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The search console logs 404 pages as encountered by the bot The logs that you see on the server and on the console are different. A 404 on the server log won't necessarily reflect under Crawl Errors in the console.


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There are really 2 issues here: Will the robots.txt on your site Disallow (block) Wayback from crawling your site. Will Wayback crawl your site. For point #1: As others have said, the correct entry for robots.txt is: User-agent: ia_archiver Disallow: Keep in mind that it might take a while (perhaps a good long while), for Wayback to notice any changes ...


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Use Hreflang codes to indicate to Google which site it should index for which region. You'll find it then indexes all those links and presents them according to the engine the user uses to access the site. This largely replaces the need to identify a users location - even using a good service, it's going to be wrong if a user is behind a VPN or is part of ...


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The Wayback Machine archive is a combination of data from a large number of different crawls: Alexa crawls, which appear after a 6 month delay Our own crawls, which are seeded from the Alexa top million list and others ArchiveTeam crawls, done by volunteers ArchiveIt crawls, done by our 400+ partners, mostly libraries, many of which allow their data to be ...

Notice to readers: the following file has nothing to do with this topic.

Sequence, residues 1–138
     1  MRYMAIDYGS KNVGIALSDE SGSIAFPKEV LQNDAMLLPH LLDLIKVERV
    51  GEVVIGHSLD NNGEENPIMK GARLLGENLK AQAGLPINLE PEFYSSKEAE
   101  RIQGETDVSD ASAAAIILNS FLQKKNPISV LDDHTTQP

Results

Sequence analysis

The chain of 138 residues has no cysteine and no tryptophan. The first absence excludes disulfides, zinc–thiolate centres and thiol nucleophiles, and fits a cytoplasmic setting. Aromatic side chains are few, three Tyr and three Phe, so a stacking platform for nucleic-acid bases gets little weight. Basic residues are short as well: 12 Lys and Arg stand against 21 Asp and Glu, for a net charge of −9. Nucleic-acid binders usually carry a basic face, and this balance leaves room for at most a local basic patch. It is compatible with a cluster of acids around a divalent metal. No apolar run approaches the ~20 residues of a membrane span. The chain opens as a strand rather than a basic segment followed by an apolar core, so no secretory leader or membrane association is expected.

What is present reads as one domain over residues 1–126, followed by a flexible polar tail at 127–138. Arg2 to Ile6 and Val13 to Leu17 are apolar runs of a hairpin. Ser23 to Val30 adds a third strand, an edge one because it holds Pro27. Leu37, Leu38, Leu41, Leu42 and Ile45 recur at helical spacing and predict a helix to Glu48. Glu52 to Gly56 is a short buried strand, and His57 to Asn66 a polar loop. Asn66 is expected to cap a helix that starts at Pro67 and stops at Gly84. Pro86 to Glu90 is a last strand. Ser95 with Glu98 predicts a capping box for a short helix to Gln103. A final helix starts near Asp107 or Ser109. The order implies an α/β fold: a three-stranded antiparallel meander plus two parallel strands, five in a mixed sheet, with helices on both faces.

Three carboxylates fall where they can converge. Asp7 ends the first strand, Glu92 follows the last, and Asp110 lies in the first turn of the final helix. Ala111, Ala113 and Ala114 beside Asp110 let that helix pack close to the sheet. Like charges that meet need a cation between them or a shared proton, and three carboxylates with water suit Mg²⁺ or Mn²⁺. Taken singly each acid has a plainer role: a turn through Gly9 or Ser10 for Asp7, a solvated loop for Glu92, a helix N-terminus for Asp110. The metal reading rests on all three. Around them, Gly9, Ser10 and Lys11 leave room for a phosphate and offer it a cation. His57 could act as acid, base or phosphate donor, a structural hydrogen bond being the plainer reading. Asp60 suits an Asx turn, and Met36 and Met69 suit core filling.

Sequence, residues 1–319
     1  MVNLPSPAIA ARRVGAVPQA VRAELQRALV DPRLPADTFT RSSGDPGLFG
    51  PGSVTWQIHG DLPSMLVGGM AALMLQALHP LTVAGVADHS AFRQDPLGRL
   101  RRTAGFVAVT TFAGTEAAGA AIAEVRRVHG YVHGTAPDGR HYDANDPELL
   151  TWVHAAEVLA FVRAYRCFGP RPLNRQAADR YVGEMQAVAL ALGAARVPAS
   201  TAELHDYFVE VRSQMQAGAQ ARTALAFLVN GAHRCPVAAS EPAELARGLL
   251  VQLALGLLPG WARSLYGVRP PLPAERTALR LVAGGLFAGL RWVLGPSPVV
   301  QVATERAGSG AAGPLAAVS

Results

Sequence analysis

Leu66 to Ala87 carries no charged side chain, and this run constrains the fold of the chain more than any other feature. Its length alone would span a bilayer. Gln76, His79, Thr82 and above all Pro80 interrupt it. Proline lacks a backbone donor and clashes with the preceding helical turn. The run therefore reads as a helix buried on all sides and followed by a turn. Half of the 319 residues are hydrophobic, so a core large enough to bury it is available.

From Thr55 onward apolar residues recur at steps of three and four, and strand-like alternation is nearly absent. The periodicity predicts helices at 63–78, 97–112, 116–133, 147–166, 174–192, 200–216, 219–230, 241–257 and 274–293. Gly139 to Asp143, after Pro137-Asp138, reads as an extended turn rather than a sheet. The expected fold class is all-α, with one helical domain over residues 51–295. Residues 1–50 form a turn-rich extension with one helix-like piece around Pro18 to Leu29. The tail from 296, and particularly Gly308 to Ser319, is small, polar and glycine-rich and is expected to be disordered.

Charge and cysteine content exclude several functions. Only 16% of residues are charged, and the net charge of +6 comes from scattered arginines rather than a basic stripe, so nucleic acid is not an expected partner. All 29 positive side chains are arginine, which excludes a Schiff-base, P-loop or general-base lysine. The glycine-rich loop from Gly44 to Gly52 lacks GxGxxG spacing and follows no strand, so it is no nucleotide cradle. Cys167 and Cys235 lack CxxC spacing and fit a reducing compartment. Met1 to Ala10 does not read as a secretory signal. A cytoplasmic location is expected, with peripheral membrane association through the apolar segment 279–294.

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To answer your first point having reviewed your example site you do not have any indexable content or keywords. To index the content Google needs content to index. As your initial page doesn't have anything except for links Google will not continue down the path of indexing those links as it makes the website appear as not legitimate and a possible blackhat ...


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You could always check what your site looks like to googlebot: https://support.google.com/webmasters/answer/6066468?rd=2 and to be sure look at the access logs of your server. There doesn't seem to be any information on the engine used w/i googlebot but if it's Chrome 36+ it will work. Alternatively, you could use webcompontent.js Polyfills at http://...


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Using your example, www.example.com/dashboard versus www.example.com/dashboard?tab=something_public versus www.example.com/dashboard?tab=something_else_public, regardless of the resulting HTML, Google will see these as separate pages. The reason for this is simple. The URL is one of two major keys within the index. As long as each URL is unique, it is a ...


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Use your chosen language to detect the user agent. Most legitimate search engine crawlers have their own user agent to identify it as a crawler. Then you can simply ignore those user agents.